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Health sector urged to partner local, international specialists in management of BPI

The health sector in the country has been urged to collaborate with local and international specialists in the management of Brachial Plexus Injury (BPI).

Speaking during an outreach held in Idiara-Community of Lagos to mark this year’s BPI awareness month, founder of Conquering BPI, the organisers of the event, Ngozi Ekong also stressed the need for both public and private hospitals to talk about BPI during antenatal classes so as to educate pregnant women on the condition and how it could be prevented.

Defining Brachial Plexus Injury as an injury to the brachial plexus nerves that occur during birth, Ekong explained that the brachial plexus may be stretched, compressed, or turn in a difficult delivery and added that the result might be a loss of muscle function or even paralysis of the upper hand.

Regretting that BPI is quite common, but not talked about she said: “BPI is common, but it is not talked about, not only in Nigeria, even outside the country, people still do not know about it. If we can have a public service announcement on stations, general health centers and community outreach on the management of BPI, that will go a long way as early intervention is key to quick recovery”.

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According to her, the injury can be prevented before birth with constant monitoring during antenatal.

“Once the medical practitioners see that the baby is big at birth, then it is advisable to give options to the mother. Also, there are different techniques and maneuvers that can prevent the injury to the baby at point of delivery,” he said.

On the choice of the community for the outreach, she described Idi-araba as one of the largest community in Lagos with traditional borne setters and traditional midwives and added that the event aimed to educate them on how best to prevent the condition from occurring.

“Brachial Plexus Injury has to do with nerve and not borne, so we want to train the borne setters on the techniques of handling the condition so they do not end up breaking the borne of the child”.

Speaking also at the event which was held in partnerships with the Rotaract Club of Lagos District , Rotaract Medilag and One Young World, the district medical director and chairman disease prevention project of Rotaract Club Dawudu Joshua explained that the partnership was to enable them join hands together to create more awareness on BPI.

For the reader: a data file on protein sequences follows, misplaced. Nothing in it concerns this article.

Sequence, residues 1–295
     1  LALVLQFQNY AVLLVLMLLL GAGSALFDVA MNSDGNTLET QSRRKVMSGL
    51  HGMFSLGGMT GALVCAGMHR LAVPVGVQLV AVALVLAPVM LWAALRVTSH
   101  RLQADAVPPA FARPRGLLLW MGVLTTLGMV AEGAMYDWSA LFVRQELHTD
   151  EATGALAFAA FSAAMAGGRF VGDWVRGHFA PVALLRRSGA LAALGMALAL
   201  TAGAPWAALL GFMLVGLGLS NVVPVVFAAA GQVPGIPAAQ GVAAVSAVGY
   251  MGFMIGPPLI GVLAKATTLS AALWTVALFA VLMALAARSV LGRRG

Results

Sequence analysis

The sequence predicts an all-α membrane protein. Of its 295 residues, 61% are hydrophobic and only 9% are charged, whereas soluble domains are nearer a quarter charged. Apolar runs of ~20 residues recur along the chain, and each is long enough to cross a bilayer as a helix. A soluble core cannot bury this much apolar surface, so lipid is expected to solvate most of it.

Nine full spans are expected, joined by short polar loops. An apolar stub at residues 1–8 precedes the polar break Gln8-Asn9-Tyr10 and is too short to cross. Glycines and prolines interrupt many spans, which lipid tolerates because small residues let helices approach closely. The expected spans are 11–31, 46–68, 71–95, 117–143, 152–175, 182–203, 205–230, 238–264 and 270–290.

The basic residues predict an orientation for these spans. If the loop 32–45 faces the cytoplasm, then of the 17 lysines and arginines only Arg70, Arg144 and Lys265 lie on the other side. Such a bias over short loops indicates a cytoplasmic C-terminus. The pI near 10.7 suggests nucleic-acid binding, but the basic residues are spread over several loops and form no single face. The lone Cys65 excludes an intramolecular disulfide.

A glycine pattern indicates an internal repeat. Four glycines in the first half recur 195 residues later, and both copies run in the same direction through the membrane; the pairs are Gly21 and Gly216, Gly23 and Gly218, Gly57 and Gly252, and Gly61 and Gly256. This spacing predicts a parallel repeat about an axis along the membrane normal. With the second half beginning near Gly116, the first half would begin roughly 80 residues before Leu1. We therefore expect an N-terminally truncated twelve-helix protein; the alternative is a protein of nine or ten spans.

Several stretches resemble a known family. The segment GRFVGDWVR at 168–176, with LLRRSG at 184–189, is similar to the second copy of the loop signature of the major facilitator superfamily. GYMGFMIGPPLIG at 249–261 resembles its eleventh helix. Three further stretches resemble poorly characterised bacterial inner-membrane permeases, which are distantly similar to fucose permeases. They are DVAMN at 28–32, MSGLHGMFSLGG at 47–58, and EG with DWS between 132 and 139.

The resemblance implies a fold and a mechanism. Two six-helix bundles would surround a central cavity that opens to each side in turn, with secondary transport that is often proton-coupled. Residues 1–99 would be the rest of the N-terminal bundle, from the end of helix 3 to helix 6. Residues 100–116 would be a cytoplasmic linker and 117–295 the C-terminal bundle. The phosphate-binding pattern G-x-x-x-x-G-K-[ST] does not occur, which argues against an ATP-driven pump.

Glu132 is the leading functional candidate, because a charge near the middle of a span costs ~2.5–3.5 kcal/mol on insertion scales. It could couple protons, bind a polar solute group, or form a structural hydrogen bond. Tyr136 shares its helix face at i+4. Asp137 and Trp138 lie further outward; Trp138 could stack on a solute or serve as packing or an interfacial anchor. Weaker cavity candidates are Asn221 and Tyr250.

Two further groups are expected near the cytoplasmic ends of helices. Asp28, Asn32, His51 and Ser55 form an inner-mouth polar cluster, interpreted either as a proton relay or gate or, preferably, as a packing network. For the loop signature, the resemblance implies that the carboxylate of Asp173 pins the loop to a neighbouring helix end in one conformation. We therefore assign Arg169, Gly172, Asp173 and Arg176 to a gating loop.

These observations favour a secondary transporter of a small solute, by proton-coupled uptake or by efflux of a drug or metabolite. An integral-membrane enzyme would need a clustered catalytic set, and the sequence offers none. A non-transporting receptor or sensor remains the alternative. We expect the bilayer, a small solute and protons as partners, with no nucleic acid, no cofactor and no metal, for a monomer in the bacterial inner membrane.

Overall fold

“Apart from educating traditional borne setters and the midwives on how to properly and effectively manage the conditions as early as possible, we at Rotaract Club, we are passionate about community service and also engaging in activities that help improve the wellbeing of members of our community.”

On her part, a Physiotherapist, Susan Abbey advised pregnant women to be mindful of their eating habit, adding that overfeeding could lead to overweight in unborn babies.

“Pregnant women should also be regular at antenatal classes, they should give heed to the instructions from the gynecologist, I do not see anything wrong in giving birth through cesarean section if that will prevent a child from having BPI,” she added.

The president of Rotaract Club Medilag, Princewill Onyekah who also spoke during the outreach observed that BPI is prevalent not only in Nigeria, but in other part of the world.

Onyekah, however stressed the need for both government and private hospitals in Nigeria to employ physiotherapists that will help in the management of BPI.

While commending the organisers of the programme, the traditional borne setters and the midwives described the training as an eye opener and added that the knowledge acquired will go a long way in managing BPI effectively.

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